February 15, 2008

Protein helps starve staph bacteria: study

Featured Image

Eric Skaar, Ph.D., left, and Brian Corbin, Ph.D., are studying an immune system protein cell’s ability to block the growth of “staph” bacteria by binding with certain metals. (photo by Neil Brake)

Protein helps starve staph bacteria: study

Even bacteria need to eat.

And one of the ways we defend ourselves against these foes is to “hide” their food, particularly the metals they crave. A team of Vanderbilt investigators has now discovered that a protein inside certain immune system cells blocks the growth of “staph” bacteria by sopping up manganese and zinc.

The findings, reported Feb. 15 in Science, support the notion that binding metals — to starve bacteria — is a viable therapeutic option for treating localized bacterial infections. New treatment strategies are urgently needed to combat the surging number of infections and deaths caused by antibiotic-resistant forms of Staphylococcus aureus (staph), such as MRSA.

If recent estimates are accurate, the number of deaths caused by MRSA exceeds the number of deaths attributable to HIV/AIDS in the United States.

“Staph is arguably the most important bacterial pathogen impacting the public health of Americans,” said Eric Skaar, Ph.D., assistant professor of Microbiology and Immunology and senior author of the study.

Staph is the leading cause of pus-forming skin and soft tissue infections, the leading cause of infectious heart disease, the number one hospital-acquired infection, and one of four leading causes of food-borne illness.

“And it seems as if complete and total antibiotic resistance of the organism is inevitable at this point,” Skaar said.

The dire outlook motivates Skaar and his colleagues in their search for new antibiotic targets.

Skaar and Brian Corbin, Ph.D., postdoctoral fellow and lead author of the report in Science, reasoned that proteins present at the site of a staph infection might be important to the battle between the bug and the immune system, and might therefore make good targets for therapeutics. They took advantage of the fact that staph forms abscesses — pimple-like infected areas — in internal organs like the liver.

“Because we can tell exactly where the infection is, we can look for proteins that are present only at the site of infection,” Skaar said.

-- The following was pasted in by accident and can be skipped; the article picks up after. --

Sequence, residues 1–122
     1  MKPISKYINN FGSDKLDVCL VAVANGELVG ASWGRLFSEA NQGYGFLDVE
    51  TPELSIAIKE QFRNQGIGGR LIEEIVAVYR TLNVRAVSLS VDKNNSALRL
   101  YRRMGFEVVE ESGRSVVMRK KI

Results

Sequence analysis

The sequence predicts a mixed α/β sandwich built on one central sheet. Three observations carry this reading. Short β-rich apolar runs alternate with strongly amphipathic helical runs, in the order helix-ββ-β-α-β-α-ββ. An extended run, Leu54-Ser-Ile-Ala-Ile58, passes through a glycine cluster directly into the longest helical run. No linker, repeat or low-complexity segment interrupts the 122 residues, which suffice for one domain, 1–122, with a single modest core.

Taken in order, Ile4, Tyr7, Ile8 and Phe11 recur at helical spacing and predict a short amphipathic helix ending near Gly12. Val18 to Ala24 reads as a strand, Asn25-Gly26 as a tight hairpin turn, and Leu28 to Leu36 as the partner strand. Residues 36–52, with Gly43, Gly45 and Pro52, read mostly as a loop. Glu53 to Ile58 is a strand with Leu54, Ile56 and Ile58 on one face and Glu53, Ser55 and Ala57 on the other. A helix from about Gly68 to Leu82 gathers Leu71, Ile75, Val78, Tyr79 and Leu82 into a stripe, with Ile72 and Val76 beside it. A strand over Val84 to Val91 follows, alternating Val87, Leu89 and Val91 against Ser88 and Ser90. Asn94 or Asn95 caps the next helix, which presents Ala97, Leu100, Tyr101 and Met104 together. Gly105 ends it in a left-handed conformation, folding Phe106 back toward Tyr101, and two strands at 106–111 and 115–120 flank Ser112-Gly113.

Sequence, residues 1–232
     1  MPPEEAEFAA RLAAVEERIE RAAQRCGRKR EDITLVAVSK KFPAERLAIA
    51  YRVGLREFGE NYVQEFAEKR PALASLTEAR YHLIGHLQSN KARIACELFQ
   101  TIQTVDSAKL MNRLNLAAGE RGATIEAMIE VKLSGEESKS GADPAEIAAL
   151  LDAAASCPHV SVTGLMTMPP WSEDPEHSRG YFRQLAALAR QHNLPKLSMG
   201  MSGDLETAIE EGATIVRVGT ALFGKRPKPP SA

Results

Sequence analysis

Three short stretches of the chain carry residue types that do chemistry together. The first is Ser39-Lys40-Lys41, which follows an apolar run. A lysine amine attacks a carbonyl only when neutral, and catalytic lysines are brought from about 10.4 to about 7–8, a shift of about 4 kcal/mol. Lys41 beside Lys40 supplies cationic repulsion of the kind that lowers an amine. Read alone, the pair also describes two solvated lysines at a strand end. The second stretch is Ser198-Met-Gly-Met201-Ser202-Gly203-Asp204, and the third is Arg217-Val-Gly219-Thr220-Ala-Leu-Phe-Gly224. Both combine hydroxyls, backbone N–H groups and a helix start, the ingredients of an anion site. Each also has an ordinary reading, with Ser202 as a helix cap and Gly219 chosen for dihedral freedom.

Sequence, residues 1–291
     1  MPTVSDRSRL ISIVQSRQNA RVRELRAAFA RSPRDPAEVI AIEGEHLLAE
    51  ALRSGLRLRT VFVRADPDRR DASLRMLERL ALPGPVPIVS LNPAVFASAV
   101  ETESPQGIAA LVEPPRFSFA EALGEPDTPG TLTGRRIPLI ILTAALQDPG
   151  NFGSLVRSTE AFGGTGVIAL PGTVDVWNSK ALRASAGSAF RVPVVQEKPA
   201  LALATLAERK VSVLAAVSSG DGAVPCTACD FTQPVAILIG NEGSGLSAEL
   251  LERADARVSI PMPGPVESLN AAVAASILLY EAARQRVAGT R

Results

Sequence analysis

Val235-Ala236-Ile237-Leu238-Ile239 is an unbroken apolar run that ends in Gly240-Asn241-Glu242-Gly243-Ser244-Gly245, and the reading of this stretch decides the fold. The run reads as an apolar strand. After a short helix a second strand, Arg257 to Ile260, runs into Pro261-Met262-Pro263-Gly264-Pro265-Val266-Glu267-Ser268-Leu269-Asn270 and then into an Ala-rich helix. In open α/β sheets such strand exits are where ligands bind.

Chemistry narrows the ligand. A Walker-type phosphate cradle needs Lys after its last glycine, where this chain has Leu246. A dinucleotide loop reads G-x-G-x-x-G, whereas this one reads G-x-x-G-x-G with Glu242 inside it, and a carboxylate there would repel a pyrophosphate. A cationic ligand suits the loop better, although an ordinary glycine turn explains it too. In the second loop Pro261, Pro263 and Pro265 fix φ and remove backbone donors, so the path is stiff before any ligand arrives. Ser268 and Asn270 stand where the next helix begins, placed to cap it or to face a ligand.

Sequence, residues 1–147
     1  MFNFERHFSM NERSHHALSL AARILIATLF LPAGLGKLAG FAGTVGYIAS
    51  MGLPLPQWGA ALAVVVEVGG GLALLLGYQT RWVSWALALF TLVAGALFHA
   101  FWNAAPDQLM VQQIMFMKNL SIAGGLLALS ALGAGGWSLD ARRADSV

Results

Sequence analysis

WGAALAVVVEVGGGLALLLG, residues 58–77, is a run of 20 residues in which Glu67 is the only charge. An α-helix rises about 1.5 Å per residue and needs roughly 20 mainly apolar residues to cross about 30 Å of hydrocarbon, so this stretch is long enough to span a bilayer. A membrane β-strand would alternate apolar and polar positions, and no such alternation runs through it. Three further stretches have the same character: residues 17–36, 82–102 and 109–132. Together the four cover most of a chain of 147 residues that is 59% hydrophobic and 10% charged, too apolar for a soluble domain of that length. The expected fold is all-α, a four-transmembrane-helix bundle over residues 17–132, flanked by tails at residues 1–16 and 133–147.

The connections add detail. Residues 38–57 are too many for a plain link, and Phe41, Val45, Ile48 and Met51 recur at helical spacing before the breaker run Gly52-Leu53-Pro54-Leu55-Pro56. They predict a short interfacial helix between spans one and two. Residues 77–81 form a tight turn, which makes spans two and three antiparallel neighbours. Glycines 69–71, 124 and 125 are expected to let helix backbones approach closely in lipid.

Using sophisticated technology called “imaging mass spectrometry,” developed at Vanderbilt by Richard Caprioli, Ph.D., director of the Mass Spectrometry Center, the investigators identified dozens of proteins specifically expressed in staph abscesses in mice. They decided to focus on one that was particularly abundant.

The protein turned out to be calprotectin, which was discovered as a calcium-binding protein about 20 years ago and has been extensively studied by Walter Chazin, Ph.D., director of Vanderbilt's Center for Structural Biology.

Calprotectin is known to inhibit bacterial and fungal growth in test tubes, but how it kills bugs was unclear.

The team demonstrated in a series of in vitro experiments that calprotectin inhibits staph growth and that it does this by binding — chelating — nutrient metals, specifically manganese and zinc.

“It basically starves the bacteria by stealing its food,” Skaar said.

To confirm calprotectin's role in animals, the investigators infected mice lacking the calprotectin gene and showed that those animals were more susceptible to abscess formation than normal mice.

Then, using another type of imaging mass spectrometry directed at metals rather than proteins, the researchers examined levels of metals in staph abscesses in normal and calprotectin-negative mice. Free manganese and zinc were strikingly absent from the abscesses of normal mice, but were present in abscesses missing calprotectin, demonstrating the critical role of calprotectin in binding these two metals.

The metal-imaging technology could be applied to any disease state with a metal component, Skaar said.

Calprotectin makes up about half of the internal content of neutrophils, the primary immune cells that respond to a staph infection. The investigators propose that calprotectin is a second weapon neutrophils employ as they wage battle in the abscess. First, neutrophils try to “gobble up” the bacteria. If they fail and die (staph is expert at secreting toxins that kill neutrophils), then they spill their guts, which are filled with metal-binding calprotectin sponges that soak up the metals.

“The neutrophil gets the last laugh,” Skaar quipped.

The findings suggest that drugs that bind metals — like calprotectin does — would make good antibiotics.

“If we can figure out how to make a molecule that transiently binds metals, and that can be targeted to abscesses, I think that would be a great drug,” Skaar said.

Skaar emphasized that the studies depended on the collaborative, collegial atmosphere at Vanderbilt and the specialized technologies on campus.

“I don't think this project could have happened at another university,” he said.

“The work is a beautiful example of highly multi-disciplinary research, a clear demonstration of a most distinctive strength of Vanderbilt on the worldwide scene,” Chazin added.

Collaborators at the University of Aberdeen, Scotland, the University of Nebraska Medical Center, the University of Muenster, Germany, and Applied Speciation and Consulting in Washington, also contributed to the studies. The research was supported by the Searle Scholars Program, the Burroughs Wellcome Fund, the National Institutes of Health and the Department of Defense.